Notes on Sumatra

Across the Straits of Malacca from the Malay Peninsula lies the island of Sumatra, part of Netherlands India. At its nearest point it is only 35 miles from the Peninsula, and, at its northern end, it is no more than 100 miles away. Small trading stations on the coast had been occupied by both the British and the Dutch, during the past one hundred years, but only within the last fifty years has any considerable extent of the country been opened up. About the middle of last century a tobacco company—afterwards to become the great Deli Maatschappij—took up a large tract of land; and their headquarters, Medan, became the site of a fine town, and also the political and commercial capital of North-east Sumatra. Other tobacco companies followed in their wake, and subsequently large areas were planted with rubber.

Reports came to the Federated Malay States of the excellence of their hospital system, and of the low death rates of the labour forces employed on estates in Sumatra. In view of the difficulties we had met with in controlling malaria in the Federated Malay States and the high mortality from it among our labour forces, I was anxious to visit Sumatra in order to learn how it was controlled there. I also desired to ascertain if malaria was distributed as it was in the Federated Malay States, or as in Italy. Mr Rainnie, the representative of Messrs Harrisons and Crossfield, Ltd., in the Federated Malay States, kindly gave me a letter of introduction to Mr Mathewson, their representative in Medan, and through his kindness I was able to see a considerable part of the country, and meet those who gave me much help.

My stay in Sumatra was, however, of a very limited duration, and that the reader may form a proper estimate of the value of my views and observations, I propose to record what I saw much in the form in which it exists in my journal. In this way the value of any statements made may be gauged; and at the same time observations may be recorded, the full significance of which may be grasped by others, although perhaps appreciated only in part by myself.


Travel to Sumatra



Leaving Penang about midday on the 3rd of March 1913, the steamer sailed for Belawan, the port for Medan, at a leisurely pace; for it would be impossible to cross the bar at the mouth of the river until about 8 a.m. on the following morning. The coast is low-lying as in many parts of the Federated Malay States, and covered by mangrove forest. The rise and fall of the tide here is 7 feet, only half of what it is at Port Swettenham. On an island two or three miles from the mouth of the river, the small town of Belawan forms the terminus of the railway to Medan. The construction of this port, as at Port Swettenham, and the building of the bridge connecting the island with the mainland, had been the occasion for a serious outbreak of malaria; and the reputation of the place is still such that all Europeans connected with the port live in Medan, coming down to Belawan by the first train in the morning, and returning by the last in the afternoon.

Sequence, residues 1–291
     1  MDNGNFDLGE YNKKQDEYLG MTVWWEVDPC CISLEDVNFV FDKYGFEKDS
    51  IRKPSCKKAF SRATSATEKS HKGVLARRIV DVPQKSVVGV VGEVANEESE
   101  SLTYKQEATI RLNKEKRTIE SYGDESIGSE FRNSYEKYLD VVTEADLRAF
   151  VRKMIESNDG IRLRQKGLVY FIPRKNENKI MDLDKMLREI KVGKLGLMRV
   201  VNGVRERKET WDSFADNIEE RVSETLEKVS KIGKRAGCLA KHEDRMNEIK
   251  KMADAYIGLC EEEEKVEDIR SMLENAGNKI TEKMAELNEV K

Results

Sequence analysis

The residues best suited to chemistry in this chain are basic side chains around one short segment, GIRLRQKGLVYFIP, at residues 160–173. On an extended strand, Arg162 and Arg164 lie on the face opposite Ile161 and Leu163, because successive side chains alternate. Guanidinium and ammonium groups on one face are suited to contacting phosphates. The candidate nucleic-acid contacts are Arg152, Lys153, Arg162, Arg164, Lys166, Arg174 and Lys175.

I was hardly surprised at its reputation. The town had been built on a mangrove swamp. The site had been made up with earth brought down by rail, and, owing to the great expense of this, the minimum amount of the mangrove swamp had been reclaimed. Although a small part of the native portion of the town had a bund round it, no attempt had been made to reclaim a large portion of the swamp by bunding and draining, as at Port Swettenham, and the mangrove grew to within a couple of chains (132 feet) of the houses. With no inducement to expand, the town consists simply of a narrow strip of raised land on the edge of the island, and at its widest part is not 10 chains across. The whole town is well within the malaria radius of the swamp.

In the brief stay I made at the port, it was impossible for me to examine the children; but, as will be recorded later, on a visit to a somewhat similar place on the edge of mangrove, I found a percentage of the children with enlarged spleen. There is good reason to believe, therefore, that Belawan deserves the reputation it has.



The distance from Belawan to Medan, some 20 miles, occupied an hour in the train. After leaving the station at 1 p.m. at Belawan, the train ran through the mangrove forest which covered the island, and soon reached the bridge that connects the island with the mainland. Over this the train ran at about 3 miles an hour; for, I understand, the piles of the bridge are floating in the mud; no solid bottom could be reached. The remaining part of the journey calls for no special comment. It was through kampongs, full of fine old fruit trees, and full, too, of the weeds and lalang so characteristic of native cultivation.